Trump wants to change government rules so his hair can stay ‘perfect’


The Trump administration wants to change the rules around showerheads and water pressure in order to keep the president’s hair “perfect”.

It has proposed changes to increase the amount of water that can pass through showerheads after a 1992 ruling restricted the flow to 2.5 gallons a minute.

The proposals come after the most powerful man in the world complained in July: “You take a shower, the water doesn’t come out. You want to wash your hands, the water doesn’t come out. So what do you do? You just stand there longer or you take a shower longer?

“Because my hair – I don’t know about you, but it has to be perfect. Perfect.”

Fresh shower behind wet glass window with water drops splashing. Water running from shower head and faucet in modern bathroom.
Mr Trump’s next target appears to be the nation’s showerheads

As newer shower fixtures came out, sporting multiple nozzles, the Obama administration said that restrictions would remain as they are, with the 2.5 gallons per minute being spread across the whole fixture.

Mr Trump’s new proposals would allow 2.5 gallons could flow through each nozzle, which could mean 10 to 15 gallons of water flowing through showerheads every minute – dramatically increasing water consumption.

Consumer and conservation groups are not happy, and warn that loosening a 28-year-old law that includes appliance standards is silly, wasteful, and unnecessary – particularly as the US is going through a two-decade-long drought.

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There has been no public call for change, according to Andrew deLaski, executive director of the energy conservation group Appliance Standards Awareness Project, who added: “Frankly it’s silly.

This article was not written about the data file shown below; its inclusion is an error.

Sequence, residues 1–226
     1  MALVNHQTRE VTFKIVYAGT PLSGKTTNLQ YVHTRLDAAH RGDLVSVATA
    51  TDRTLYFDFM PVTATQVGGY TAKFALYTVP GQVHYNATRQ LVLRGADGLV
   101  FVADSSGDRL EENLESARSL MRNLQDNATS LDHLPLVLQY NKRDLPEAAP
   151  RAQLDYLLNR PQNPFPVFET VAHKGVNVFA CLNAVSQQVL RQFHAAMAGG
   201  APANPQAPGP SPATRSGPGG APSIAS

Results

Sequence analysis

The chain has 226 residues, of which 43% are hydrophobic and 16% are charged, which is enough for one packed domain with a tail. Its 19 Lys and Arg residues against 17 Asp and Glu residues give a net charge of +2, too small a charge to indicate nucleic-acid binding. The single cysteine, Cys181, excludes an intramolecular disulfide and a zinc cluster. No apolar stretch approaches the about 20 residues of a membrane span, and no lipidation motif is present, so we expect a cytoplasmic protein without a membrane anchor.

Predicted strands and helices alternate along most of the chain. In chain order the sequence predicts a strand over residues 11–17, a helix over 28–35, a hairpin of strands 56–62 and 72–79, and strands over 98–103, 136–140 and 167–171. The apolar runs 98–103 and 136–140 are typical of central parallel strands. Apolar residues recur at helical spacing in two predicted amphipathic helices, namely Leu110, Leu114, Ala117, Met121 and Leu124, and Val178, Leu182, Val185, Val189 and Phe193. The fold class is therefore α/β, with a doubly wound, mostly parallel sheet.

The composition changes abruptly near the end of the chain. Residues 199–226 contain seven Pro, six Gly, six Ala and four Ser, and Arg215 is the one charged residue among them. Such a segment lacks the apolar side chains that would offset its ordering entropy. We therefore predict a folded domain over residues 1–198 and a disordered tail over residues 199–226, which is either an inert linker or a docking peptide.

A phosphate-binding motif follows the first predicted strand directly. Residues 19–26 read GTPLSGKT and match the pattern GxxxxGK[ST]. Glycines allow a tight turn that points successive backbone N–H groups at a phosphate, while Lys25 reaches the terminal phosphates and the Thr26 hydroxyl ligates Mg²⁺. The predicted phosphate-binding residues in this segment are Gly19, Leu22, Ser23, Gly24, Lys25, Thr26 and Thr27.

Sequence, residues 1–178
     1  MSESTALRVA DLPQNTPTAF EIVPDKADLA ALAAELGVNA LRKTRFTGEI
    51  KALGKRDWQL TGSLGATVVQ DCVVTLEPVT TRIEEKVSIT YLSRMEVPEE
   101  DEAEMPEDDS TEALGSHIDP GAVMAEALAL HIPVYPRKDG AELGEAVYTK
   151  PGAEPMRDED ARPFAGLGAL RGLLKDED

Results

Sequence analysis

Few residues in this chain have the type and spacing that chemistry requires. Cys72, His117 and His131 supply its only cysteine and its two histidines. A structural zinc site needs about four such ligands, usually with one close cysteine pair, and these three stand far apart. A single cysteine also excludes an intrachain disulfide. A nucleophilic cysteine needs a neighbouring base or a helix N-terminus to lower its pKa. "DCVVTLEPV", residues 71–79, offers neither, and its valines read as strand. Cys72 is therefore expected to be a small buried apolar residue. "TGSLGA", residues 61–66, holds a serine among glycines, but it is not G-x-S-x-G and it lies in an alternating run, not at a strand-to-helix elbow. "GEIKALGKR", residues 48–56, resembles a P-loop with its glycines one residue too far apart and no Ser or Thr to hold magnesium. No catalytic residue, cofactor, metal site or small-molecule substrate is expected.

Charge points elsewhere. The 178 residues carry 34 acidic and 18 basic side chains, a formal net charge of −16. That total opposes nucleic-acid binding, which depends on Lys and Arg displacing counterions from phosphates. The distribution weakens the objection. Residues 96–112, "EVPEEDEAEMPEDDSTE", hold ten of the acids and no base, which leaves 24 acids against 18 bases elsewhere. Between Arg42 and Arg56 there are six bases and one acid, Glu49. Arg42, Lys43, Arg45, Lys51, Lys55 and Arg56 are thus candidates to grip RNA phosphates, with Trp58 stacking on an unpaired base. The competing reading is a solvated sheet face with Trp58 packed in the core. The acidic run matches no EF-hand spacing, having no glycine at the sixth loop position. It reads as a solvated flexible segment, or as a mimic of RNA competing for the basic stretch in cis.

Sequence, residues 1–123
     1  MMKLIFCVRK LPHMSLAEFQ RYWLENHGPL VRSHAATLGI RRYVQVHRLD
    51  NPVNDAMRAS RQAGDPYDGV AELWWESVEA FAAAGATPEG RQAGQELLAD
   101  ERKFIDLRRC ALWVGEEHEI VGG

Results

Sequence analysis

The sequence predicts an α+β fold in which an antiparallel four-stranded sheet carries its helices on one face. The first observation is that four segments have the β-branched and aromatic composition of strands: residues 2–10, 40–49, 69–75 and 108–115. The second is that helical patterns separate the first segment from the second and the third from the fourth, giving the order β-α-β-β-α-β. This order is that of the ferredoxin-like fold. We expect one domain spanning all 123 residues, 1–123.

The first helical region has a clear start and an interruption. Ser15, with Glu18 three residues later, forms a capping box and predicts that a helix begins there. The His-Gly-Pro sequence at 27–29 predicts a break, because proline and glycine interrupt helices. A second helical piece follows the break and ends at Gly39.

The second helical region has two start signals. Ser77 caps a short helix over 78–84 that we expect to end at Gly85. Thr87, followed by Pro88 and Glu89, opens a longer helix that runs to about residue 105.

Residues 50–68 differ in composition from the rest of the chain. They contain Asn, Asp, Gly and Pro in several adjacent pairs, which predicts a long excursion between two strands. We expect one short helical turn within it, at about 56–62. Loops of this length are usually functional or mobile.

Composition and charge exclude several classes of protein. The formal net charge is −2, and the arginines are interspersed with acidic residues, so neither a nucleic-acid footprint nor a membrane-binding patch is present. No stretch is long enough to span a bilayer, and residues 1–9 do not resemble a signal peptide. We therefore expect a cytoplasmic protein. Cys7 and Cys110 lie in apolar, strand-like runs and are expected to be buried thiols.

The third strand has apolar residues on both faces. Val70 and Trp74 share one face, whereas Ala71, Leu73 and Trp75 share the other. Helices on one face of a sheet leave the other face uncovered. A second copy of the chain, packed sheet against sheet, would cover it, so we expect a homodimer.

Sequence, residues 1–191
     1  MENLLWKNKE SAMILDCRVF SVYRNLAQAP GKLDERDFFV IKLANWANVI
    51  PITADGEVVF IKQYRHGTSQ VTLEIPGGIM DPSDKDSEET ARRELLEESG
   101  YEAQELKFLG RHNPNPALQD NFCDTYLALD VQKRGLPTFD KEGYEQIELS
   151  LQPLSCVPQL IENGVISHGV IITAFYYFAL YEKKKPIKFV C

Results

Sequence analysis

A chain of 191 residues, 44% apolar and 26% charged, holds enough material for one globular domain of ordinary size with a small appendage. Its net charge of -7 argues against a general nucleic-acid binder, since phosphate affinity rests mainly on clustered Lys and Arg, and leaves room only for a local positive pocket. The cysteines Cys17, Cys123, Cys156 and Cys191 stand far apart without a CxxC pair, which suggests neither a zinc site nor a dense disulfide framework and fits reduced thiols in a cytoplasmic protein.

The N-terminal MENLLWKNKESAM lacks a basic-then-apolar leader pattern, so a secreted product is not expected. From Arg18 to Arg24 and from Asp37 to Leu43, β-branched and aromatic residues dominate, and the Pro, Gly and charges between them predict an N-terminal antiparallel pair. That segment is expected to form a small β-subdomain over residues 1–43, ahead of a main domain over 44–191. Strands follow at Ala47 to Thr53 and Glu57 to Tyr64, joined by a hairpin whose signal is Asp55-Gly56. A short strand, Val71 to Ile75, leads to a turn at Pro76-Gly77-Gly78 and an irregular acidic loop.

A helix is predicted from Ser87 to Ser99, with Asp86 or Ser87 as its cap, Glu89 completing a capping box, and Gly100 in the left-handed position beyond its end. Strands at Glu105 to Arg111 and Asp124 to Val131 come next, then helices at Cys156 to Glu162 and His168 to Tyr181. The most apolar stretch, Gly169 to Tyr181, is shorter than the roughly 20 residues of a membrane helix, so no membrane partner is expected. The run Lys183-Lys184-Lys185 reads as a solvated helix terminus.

“The country faces serious problems. We’ve got a pandemic, serious long-term drought throughout much of the West. We’ve got global climate change. Showerheads aren’t one of our problems.”

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The Department of Energy’s database of 12,499 showerheads shows that 74% use two gallons per minute – a healthy 20% less than the agreed federal standard.

Energy Department spokeswoman Shaylyn Hynes says that changing the rules would be “allowing Americans – not Washington bureaucrats – to choose what kind of showerheads they have in their homes”.

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Mr deLaski also said that the current rules mean that consumers save around $500 (£382) a year on their bills, and that water pressure and showerheads can be adjusted and replaced if needed.

“If the president needs help finding a good shower, we can point him to some great consumer websites that help you identify a good showerhead that provides a dense soak and a good shower,” he added.

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